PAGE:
By 2020, patients will have six connected items, predicts Matt Jennings, president and CEO of Phillips-Medisize Corp. “Investments in connected health solutions [are] accelerating by traditional medical device companies,” he explained during a company press conference at MD&M East 2017 in New York City. In addition, “pharma dosage forms are evolving and connected devices are proliferating to drive compliance and improved outcomes.”
Many of the products in today’s biopharma pipelines will require some sort of delivery device, he added.
Given the complexities of drug-delivery devices, especially connected devices, there is a certain amount of risk. With its recent merger with Molex, Phillips-Medisize is working to reduce that risk. “Molex’s capabilities allow us to develop more-complex connected and electronics-enabled devices,” said Bill Welch, chief technology officer. The 2016 merger has resulted in a company with “global scale to support integrated design and production of complex electro-mechanical devices and enhanced capabilities related to electronics, connectors, assemblies and other novel technology,” said Jennings.
Speaking of the effort to integrate strategy, product development, and manufacturing, Welch said that “our process reduces time to market and lowers launch risk.”
“We eliminate the separation between manufacturing and development steps, which could add 6 to 12 months,” he said. “We have parallel product and manufacturing development.”
For example, as Phillips-Medisize’s product designers are “going through product development,” members of its manufacturing team “participate in design reviews and other key development checkpoints to start conceptualization and specification of production tooling and equipment,” Welch tells PMP News.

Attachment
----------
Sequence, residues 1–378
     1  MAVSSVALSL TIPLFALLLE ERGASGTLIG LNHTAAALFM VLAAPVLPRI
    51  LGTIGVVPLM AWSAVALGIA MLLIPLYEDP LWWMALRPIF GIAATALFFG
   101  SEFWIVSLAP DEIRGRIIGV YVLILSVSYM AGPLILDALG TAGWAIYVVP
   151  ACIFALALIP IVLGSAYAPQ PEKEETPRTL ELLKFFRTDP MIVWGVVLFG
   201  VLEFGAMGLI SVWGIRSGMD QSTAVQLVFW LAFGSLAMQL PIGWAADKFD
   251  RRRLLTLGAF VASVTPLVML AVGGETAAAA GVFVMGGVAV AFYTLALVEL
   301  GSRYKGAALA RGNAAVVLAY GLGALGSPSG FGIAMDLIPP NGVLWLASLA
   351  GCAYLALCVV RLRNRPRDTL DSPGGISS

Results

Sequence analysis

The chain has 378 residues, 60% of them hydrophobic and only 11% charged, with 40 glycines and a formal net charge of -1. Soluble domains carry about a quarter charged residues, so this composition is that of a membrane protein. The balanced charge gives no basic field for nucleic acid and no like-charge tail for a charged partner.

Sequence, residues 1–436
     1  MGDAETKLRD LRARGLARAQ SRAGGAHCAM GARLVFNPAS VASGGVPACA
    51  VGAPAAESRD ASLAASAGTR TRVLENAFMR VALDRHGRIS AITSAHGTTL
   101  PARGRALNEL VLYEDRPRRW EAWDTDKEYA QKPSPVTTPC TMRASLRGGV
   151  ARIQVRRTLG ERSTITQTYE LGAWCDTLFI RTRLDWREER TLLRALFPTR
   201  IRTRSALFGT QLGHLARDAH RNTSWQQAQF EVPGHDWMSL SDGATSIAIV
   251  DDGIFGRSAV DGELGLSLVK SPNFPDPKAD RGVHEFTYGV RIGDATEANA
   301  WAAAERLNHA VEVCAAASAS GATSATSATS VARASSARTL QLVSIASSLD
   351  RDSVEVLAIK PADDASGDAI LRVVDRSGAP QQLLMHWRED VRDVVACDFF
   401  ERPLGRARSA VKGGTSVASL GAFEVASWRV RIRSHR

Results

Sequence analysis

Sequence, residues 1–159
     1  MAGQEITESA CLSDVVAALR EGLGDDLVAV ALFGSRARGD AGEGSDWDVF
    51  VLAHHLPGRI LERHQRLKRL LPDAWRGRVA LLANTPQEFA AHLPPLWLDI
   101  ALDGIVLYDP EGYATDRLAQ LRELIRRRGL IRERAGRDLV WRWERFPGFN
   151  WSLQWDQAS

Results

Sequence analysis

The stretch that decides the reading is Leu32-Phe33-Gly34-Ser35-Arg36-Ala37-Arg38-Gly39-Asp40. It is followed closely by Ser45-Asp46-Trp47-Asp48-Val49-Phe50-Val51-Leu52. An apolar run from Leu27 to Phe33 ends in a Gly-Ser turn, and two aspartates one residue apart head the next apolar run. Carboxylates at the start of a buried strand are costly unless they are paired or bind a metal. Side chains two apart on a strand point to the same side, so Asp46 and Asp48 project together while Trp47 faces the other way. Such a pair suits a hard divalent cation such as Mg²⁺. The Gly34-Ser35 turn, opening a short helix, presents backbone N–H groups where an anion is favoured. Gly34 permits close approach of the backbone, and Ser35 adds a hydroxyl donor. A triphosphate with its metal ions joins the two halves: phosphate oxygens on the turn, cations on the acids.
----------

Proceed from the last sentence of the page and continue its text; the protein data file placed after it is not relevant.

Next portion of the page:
And there is never a “firm hand-off,” Welch adds. “As design development ramps down, manufacturing development ramps up. And we have one program manager for a level of continuity.”
Above: Phillips-Medisize’s approach to integrated lead times.
Phillips-Medisize put the strategy to work recently for an electronics-enabled inhaler. “We brought the end price down for the customer, improved the technology, shortened the timeline, and reduced launch risk,” said Welch.
But market success with a connected device depends upon more than design and manufacturing success. It also requires identifying the role that a connected device could play in improving patient compliance and outcomes. Phillips-Medisize is working to help companies figure that out.
“To be reimbursed on improved health outcomes, you need to be able to track improved outcomes,” said Jennings during the press conference. “How do you do so?”
Added Welch: “How can I use data and connectivity to improve patient outcomes?” he asked. “If I cannot figure that out, I probably shouldn’t add the expense of connectivity.”
Welch said that Phillips-Medisize can conduct “device strategy engagements” to help companies develop a connected health plan. He pointed to a recent project in which his team helped a customer develop a connected device for treating multiple sclerosis. “Patient engagement and comfort” were among the goals of the project. “The reason the device is larger is to help patients with dexterity issues,” and the companion app is intended to help compensate for declining memory capabilities by logging key patient injection information beyond simple date and time recording,” he told PMP News.